How To Have A Happy Horsey Halloween

Oct 31, 2010 - 3:50 PM

How many of you have Halloween plans that involve horses? And costumes? Come on…fess up! How many of you have spent time and money this month making or buying a Halloween costume for a horse? You can’t hide it from me. I made a tutu last year for a Connemara. It doesn’t get more embarrassing than that.

This year, we’re forgoing the Halloween barn party, since we had all kinds of hoopla last year. Don’t tell the kids, but in my opinion, phew! I am lacking in the creativity department and dressing up a pony as a princess last year just about maxed me out in the talent department. After many frantic posts on the COTH forums, I had tips and suggestions from some pros and was able to make it through.

Our barn Halloween party featured some pretty spectacular costumes: Misty the Mustang and her kid were dressed up as a Dalmatian puppy and Cruella de Ville. Stormy and Megan were Dopey and Snow White. Hawaii the horse was dressed in a Hawaiian shirt and his mom was dressed as a Hula girl complete with grass skirt and coconut bikini top (where in Vermont do you find that?). I tell you, the people in my barn have skills! Ellen, another adult rider, dressed herself as a knight (complete with a sword held in her, ahem, holster) and her horse Dave was dressed up as a dragon. Santa was even there, with a horse elf in tow. There was a horse dressed as a dog and a dog dressed as a horse.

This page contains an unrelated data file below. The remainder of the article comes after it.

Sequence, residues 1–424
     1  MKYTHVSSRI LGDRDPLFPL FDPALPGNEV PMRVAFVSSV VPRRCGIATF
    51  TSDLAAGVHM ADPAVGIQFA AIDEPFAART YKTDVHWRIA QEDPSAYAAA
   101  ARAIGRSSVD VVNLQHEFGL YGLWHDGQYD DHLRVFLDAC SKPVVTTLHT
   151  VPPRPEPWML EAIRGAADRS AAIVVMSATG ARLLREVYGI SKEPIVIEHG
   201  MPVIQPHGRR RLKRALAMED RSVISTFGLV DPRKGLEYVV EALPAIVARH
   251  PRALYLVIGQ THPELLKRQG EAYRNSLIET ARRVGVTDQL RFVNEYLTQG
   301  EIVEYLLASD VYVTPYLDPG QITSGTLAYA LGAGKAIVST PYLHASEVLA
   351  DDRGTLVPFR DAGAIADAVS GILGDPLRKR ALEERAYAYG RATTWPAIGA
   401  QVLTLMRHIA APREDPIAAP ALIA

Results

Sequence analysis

Tara, our trainer, had games for us to play: sit a buck, “Tara says,” obstacle courses and more. We all brought food and drinks to share and it was a great afternoon.

If you’re planning to combine horses and Halloween this weekend, here are a few tips:

  • Paint that claims to be washable or “easily removable,” sometimes is not.
  • Horses are generally tolerant of our attempts to publicly humiliate them with costumes, however, they may be afraid of themselves if they catch a glimpse in those large mirrors in the indoor arena.
  • Be sure to clean up any scraps of material, ribbon, organza, felt, glitter, feathers or other decorative stuff that may be left on the aisle floor. It could be accidentally eaten by a horse or dog.
  • Horse can’t eat Halloween candy, so don’t forget to bring carrots and apples to the party.
  • Thank the trainer, barn manager and/or barn owner who hosts or helps organize the party.
  • Be sure to pick up any mess that you make.
  • Take lots of pictures and be sure to send them in to the Chronicle next week so we can see your costumes! Email or post them on our Facebook wall.

Elizabeth Howell grew up riding on the hunter/jumper circuit in Massachusetts. Now she is a horse show mom. She holds a day job at The Emily Post Institute and slings horse manure on the weekends. Her website is


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